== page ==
“The review is not simply structural; we will not ignore leadership or budget issues,” Elton said. “A fundamental premise will be that we can no longer expect the state to regain subsistence management on federal lands. We are here to stay, so we have the obligation to provide the best management system that we possibly can.”
Secretary Salazar has charged the team with developing a clear subsistence road map by early next year. “This administration's subsistence road map will not be developed from the top down,” Elton explained. “His management policies will be informed by the people who have to live with his policies—by you and others.”
The revamped subsistence management plan will operate based on several principals, including:
decision-making based on science and traditional knowledge;
an understanding of the practice and importance of subsistence; and, most importantly
a commitment to the Alaska National Interest Lands Conservation Act (ANILCA) subsistence mandate—the promise made in law will not be compromised or relegated to a low priority status in this administration.
“In a few months, the Secretary will match his subsistence policy, crafted with your help, with the appointment of a chairman to the Subsistence Board who can best help us fulfill our subsistence obligations,” Elton said. “There is no pre-determined chair waiting in the wings. The Secretary will select a chair he feels will not let this administration's subsistence policy, based on law and science and the input of stakeholders, later be trumped by personality or politics.”
Concerning budget issues, Elton said that over time inflation and cuts have eroded the subsistence management budget, providing less money while the challenges grew. “For example, do the regional advisory councils have the capacity to fulfill their mandates, do we have the capacity to get the science we need to make management decisions to increase benefits for subsistence users, or do we have the management resources to work with all parties to effectively provide the subsistence preferences called for in Title VIII of ANILCA?”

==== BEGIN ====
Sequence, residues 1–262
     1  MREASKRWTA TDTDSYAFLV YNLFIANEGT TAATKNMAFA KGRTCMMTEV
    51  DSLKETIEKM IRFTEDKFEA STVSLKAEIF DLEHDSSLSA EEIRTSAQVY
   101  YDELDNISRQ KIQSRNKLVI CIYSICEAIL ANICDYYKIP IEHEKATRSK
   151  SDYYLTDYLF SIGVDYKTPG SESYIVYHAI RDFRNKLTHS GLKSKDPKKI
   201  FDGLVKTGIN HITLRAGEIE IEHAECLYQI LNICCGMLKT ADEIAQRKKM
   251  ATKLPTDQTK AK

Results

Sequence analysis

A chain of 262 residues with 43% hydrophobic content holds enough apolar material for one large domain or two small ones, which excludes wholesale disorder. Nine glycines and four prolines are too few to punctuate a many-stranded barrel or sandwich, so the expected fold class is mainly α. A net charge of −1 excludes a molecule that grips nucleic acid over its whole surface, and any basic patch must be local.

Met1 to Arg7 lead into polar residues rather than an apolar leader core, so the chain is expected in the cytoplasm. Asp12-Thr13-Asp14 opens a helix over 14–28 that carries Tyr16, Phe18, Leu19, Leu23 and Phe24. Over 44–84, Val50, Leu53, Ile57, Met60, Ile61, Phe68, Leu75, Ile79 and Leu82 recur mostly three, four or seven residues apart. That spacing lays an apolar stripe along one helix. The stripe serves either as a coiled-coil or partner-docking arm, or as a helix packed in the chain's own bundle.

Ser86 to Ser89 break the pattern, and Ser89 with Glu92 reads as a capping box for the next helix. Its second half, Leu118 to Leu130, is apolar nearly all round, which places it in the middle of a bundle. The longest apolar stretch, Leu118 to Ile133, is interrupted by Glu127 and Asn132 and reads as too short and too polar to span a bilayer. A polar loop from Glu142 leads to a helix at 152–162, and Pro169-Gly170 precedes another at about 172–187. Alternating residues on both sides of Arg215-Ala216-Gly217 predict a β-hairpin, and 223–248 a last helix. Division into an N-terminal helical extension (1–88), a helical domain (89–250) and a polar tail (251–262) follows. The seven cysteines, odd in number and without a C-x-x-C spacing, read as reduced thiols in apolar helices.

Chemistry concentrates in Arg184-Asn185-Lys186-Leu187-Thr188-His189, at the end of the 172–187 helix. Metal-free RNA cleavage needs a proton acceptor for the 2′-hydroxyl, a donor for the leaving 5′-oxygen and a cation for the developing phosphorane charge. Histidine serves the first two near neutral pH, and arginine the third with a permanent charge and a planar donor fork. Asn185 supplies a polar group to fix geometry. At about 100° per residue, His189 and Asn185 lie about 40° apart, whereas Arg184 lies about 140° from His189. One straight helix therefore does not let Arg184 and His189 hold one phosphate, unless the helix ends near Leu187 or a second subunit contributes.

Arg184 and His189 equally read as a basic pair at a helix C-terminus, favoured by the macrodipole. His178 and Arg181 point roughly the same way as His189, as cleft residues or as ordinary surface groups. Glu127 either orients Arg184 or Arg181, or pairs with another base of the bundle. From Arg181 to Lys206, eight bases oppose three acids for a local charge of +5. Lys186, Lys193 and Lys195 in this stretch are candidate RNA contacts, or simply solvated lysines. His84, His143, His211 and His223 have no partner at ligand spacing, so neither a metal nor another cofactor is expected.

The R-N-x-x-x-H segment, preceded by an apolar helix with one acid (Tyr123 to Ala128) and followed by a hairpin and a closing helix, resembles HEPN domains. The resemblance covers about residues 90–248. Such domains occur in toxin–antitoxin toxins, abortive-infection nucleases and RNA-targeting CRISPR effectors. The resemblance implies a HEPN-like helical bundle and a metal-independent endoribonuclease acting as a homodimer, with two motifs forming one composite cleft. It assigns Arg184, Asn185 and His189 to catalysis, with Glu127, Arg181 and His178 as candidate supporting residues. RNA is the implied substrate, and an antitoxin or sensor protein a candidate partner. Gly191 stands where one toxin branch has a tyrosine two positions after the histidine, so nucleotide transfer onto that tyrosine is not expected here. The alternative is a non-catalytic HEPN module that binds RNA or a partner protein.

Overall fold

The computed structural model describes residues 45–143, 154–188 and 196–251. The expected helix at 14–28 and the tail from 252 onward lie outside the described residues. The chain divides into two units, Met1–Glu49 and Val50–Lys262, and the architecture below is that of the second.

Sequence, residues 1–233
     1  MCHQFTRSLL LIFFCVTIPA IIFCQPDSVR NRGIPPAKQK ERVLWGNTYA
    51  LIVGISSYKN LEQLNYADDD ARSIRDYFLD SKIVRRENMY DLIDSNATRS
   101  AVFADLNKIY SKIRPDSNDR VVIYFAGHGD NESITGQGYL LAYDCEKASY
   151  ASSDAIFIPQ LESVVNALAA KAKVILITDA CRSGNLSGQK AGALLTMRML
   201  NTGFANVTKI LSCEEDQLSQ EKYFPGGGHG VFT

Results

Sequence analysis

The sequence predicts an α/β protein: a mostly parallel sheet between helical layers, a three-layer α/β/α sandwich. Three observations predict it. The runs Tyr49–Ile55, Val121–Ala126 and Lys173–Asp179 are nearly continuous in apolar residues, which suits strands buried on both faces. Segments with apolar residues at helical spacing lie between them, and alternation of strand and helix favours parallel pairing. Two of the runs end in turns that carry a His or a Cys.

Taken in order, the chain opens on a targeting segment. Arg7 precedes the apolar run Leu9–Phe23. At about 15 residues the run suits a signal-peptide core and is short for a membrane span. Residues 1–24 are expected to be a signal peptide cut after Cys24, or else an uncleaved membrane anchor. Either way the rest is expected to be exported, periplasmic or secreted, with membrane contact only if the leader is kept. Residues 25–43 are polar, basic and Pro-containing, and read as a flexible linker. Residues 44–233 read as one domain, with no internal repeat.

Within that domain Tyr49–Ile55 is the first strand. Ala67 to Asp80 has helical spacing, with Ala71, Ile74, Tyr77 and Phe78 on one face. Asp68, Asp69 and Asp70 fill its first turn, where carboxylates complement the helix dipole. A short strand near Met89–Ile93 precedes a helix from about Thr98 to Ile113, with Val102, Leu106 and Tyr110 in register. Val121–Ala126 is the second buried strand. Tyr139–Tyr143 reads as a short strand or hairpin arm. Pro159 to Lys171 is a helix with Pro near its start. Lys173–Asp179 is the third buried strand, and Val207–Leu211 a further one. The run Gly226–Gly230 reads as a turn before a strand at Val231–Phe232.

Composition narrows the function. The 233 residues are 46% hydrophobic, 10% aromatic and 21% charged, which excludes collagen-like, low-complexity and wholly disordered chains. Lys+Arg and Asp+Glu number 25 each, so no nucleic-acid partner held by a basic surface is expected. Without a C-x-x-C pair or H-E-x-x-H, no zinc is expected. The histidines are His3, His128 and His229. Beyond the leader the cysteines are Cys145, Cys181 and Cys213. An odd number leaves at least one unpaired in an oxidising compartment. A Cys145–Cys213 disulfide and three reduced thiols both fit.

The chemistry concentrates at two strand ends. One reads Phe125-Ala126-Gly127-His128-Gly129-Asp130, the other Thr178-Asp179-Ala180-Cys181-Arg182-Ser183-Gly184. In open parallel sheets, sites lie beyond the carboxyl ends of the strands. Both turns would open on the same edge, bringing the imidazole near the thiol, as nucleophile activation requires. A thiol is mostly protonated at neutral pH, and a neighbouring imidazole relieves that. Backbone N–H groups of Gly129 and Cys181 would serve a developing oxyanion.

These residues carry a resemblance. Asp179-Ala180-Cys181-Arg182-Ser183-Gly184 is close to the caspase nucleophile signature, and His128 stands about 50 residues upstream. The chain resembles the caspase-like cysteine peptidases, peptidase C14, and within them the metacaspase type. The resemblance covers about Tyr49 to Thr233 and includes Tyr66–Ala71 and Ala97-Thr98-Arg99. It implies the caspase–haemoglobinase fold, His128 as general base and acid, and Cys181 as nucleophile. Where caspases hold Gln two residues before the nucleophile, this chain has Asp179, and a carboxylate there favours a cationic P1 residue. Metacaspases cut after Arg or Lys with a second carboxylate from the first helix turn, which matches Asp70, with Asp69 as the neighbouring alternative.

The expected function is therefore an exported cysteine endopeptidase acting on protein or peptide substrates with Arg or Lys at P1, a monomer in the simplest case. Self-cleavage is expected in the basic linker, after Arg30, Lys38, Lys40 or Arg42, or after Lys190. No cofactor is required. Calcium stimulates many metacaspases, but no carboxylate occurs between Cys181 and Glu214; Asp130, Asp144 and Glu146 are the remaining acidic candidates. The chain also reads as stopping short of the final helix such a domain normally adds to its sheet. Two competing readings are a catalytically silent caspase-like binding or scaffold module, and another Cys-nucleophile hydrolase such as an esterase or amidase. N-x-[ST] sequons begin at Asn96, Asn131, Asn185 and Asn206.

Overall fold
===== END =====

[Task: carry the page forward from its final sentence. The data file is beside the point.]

Under ANILCA in the 1980s, the state managed resources on all lands for a subsistence priority until the McDowell Decision at the end of the 80s, Elton noted. During the 1990s, the federal government managed for subsistence on federal lands on a “temporary” basis — until the state could amend the Alaska constitution. Over the last decade or so, federal management has been in a limbo phase —reactive to the push and pull of outside forces.
“In the next decade, we will fulfill our obligations informed by the law and by the people protected by the law,” Elton said. “It will be hard, there is no perfect solution but there are much better approaches than what we've used until now and we ask you to help us find them.”
In recognition of the traditional reliance on wildlife, fish, and other resources to meet essential subsistence and cultural needs by rural Alaskan residents, Title VIII of the Alaska National Interest Lands Conservation Act of 1980 (ANILCA) established a preference for subsistence hunting and fishing by rural residents on federal lands in Alaska. At the time of passage, the Act envisioned that the State of Alaska would manage subsistence uses on all lands in Alaska under the provisions of ANILCA. The Act stipulated the federal government would provide the federal priority of subsistence uses of fish and wildlife on federal lands if the State did not. The Alaska Supreme Court subsequently ruled the subsistence priority unconstitutional and caused the state to fall out of compliance with the ANILCA provisions. The federal government assumed responsibility for management of subsistence resources on federal lands, and certain waters, in the early 1990s.